Oxytocin is a powerful hormone that acts as a neurotransmitter in the brain. It plays an important role in reproduction, initiating contractions before birth as well as milk release. And it is thought to be involved in broader social cognition and behavior, potentially ranging from mother-infant bonding and romantic connection to group-related attitudes and prejudice. The hormone is produced in the hypothalamus and released into the bloodstream by the pituitary gland.
Oxytocin has been called "the cuddle hormone" or "the love hormone" due to its association with pair bonding. It appears to help reinforce the early attachment between mothers and their infants, as well as the bonds between romantic partners. Animal research has connected oxytocin (along with another hormone, vasopressin) with the lifelong pair-bonding of prairie voles, and scientists have reported increases in oxytocin levels following orgasm in humans. There is also evidence that increases in oxytocin may encourage prosocial behavior, though not all studies have found these positive results, and some experts have undercut the idea that the hormone is a “trust molecule.”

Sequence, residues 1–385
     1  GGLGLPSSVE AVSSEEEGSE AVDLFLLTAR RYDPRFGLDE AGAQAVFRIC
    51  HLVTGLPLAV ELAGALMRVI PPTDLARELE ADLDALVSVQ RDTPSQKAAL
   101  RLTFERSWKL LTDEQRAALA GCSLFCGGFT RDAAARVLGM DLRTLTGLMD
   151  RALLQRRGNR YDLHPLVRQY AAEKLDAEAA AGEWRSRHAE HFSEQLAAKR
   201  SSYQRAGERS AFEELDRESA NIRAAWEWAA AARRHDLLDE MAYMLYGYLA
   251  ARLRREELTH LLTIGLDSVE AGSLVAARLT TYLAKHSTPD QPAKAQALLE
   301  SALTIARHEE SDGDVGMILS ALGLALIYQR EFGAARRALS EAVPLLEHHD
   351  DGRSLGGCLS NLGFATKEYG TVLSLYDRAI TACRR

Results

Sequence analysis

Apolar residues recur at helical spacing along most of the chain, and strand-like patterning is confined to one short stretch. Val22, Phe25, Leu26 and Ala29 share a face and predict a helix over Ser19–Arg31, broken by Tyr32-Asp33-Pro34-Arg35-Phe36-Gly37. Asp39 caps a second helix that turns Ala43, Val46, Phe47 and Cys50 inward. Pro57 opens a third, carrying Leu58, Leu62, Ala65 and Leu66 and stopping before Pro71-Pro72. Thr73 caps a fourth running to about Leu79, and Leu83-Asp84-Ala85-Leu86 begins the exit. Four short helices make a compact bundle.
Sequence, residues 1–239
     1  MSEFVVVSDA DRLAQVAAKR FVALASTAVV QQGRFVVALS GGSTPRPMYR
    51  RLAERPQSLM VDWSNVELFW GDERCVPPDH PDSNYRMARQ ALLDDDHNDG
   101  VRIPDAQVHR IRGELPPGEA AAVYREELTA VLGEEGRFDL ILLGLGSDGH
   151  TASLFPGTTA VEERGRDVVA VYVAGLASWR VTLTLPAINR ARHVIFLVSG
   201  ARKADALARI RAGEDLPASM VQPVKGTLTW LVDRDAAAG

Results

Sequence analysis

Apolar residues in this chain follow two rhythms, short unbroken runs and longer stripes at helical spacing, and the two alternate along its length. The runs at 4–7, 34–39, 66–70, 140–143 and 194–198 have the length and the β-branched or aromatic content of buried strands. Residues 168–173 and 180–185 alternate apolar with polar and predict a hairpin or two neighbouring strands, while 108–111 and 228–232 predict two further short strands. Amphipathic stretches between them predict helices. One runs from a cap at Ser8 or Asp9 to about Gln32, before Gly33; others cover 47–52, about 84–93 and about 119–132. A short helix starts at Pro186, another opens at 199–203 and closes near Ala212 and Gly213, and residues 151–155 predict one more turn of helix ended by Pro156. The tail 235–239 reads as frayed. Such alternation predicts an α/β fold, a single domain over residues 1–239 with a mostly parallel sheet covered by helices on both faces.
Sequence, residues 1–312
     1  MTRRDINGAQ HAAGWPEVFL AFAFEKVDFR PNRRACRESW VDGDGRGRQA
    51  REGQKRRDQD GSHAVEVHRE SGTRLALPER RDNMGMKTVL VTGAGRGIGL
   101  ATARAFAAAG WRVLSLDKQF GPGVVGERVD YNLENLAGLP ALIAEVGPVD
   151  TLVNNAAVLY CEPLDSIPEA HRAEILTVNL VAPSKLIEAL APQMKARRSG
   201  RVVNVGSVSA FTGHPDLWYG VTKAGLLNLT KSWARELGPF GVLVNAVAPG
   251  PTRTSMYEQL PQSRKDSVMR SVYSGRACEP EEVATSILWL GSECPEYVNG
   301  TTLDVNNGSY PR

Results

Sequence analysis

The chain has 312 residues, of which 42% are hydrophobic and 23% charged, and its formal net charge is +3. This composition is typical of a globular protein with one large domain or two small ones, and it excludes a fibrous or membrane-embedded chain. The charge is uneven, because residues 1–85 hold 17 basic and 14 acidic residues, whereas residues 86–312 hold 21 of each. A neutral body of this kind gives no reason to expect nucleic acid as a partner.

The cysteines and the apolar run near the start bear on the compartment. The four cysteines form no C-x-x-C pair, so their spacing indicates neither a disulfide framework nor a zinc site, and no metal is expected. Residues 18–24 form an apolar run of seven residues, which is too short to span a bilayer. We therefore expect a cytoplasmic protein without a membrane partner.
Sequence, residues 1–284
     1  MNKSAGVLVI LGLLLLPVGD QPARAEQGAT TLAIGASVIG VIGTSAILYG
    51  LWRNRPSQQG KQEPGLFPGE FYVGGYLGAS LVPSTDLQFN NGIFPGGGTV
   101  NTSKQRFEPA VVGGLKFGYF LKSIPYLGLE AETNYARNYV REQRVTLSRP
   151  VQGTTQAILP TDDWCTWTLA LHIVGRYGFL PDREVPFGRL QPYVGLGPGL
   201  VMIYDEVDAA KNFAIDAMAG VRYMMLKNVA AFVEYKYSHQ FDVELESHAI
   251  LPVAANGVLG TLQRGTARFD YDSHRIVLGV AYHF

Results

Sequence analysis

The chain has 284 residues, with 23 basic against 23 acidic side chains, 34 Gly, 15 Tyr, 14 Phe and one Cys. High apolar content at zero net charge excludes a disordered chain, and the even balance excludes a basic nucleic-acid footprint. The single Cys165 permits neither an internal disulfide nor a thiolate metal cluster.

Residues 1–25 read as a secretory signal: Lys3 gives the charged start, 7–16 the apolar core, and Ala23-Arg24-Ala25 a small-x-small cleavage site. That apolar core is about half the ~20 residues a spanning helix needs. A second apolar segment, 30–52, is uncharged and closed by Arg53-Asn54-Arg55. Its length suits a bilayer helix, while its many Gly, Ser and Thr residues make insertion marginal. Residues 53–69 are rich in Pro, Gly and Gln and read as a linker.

In addition to infant-mother interactions (namely, when an infant suckles at a mother’s breast), a variety of behaviors may increase oxytocin, including hugging, cuddling, and having sex. Oxytocin can also be delivered through nasal spray, although the effects described by those selling these sprays may not be reliable.
Yes. Oxytocin is linked to the movement of sperm and the production of testosterone in men. Research suggests that it is increased following orgasm in men as well as women.
Importantly, oxytocin is one of various hormones that play a role in behavior, and its potential connections to psychology appear to go beyond love and prosociality. For all its apparent positivity, oxytocin may have a dark side—or, more accurately, it plays a more complex role in human behavior than is commonly thought. As a facilitator of bonding among those who share similar characteristics, the hormone may help set in motion preferential treatment of in-group members relative to those outside one’s group.